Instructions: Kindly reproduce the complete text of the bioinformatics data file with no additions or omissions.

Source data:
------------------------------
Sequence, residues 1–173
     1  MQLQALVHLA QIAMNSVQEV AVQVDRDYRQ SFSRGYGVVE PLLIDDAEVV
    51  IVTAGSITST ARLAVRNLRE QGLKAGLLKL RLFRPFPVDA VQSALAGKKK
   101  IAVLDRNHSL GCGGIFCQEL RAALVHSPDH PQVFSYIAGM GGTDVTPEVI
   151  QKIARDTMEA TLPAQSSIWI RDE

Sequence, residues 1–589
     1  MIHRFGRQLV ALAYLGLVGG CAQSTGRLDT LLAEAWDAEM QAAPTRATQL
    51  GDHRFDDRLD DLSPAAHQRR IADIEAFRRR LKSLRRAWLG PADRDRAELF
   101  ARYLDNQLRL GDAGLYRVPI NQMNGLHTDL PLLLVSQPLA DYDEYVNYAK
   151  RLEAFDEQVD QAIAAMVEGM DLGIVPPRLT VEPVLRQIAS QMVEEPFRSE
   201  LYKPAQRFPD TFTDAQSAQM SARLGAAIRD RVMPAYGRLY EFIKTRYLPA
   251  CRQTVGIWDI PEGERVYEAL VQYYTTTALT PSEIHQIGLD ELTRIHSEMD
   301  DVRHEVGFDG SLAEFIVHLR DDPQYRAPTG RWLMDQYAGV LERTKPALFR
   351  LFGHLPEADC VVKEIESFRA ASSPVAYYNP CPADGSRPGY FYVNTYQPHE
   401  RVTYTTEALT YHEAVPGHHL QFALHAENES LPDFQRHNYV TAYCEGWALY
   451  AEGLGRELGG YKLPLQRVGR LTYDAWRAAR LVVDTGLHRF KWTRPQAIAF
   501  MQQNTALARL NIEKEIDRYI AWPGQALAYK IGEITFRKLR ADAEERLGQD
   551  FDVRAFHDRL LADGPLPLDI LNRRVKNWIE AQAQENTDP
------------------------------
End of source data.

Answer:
Sequence, residues 1–173
     1  MQLQALVHLA QIAMNSVQEV AVQVDRDYRQ SFSRGYGVVE PLLIDDAEVV
    51  IVTAGSITST ARLAVRNLRE QGLKAGLLKL RLFRPFPVDA VQSALAGKKK
   101  IAVLDRNHSL GCGGIFCQEL RAALVHSPDH PQVFSYIAGM GGTDVTPEVI
   151  QKIARDTMEA TLPAQSSIWI RDE

Sequence, residues 1–589
     1  MIHRFGRQLV ALAYLGLVGG CAQSTGRLDT LLAEAWDAEM QAAPTRATQL
    51  GDHRFDDRLD DLSPAAHQRR IADIEAFRRR LKSLRRAWLG PADRDRAELF
   101  ARYLDNQLRL GDAGLYRVPI NQMNGLHTDL PLLLVSQPLA DYDEYVNYAK
   151  RLEAFDEQVD QAIAAMVEGM DLGIVPPRLT VEPVLRQIAS QMVEEPFRSE
   201  LYKPAQRFPD TFTDAQSAQM SARLGAAIRD RVMPAYGRLY EFIKTRYLPA
   251  CRQTVGIWDI PEGERVYEAL VQYYTTTALT PSEIHQIGLD ELTRIHSEMD
   301  DVRHEVGFDG SLAEFIVHLR DDPQYRAPTG RWLMDQYAGV LERTKPALFR
   351  LFGHLPEADC VVKEIESFRA ASSPVAYYNP CPADGSRPGY FYVNTYQPHE
   401  RVTYTTEALT YHEAVPGHHL QFALHAENES LPDFQRHNYV TAYCEGWALY
   451  AEGLGRELGG YKLPLQRVGR LTYDAWRAAR LVVDTGLHRF KWTRPQAIAF
   501  MQQNTALARL NIEKEIDRYI AWPGQALAYK IGEITFRKLR ADAEERLGQD
   551  FDVRAFHDRL LADGPLPLDI LNRRVKNWIE AQAQENTDP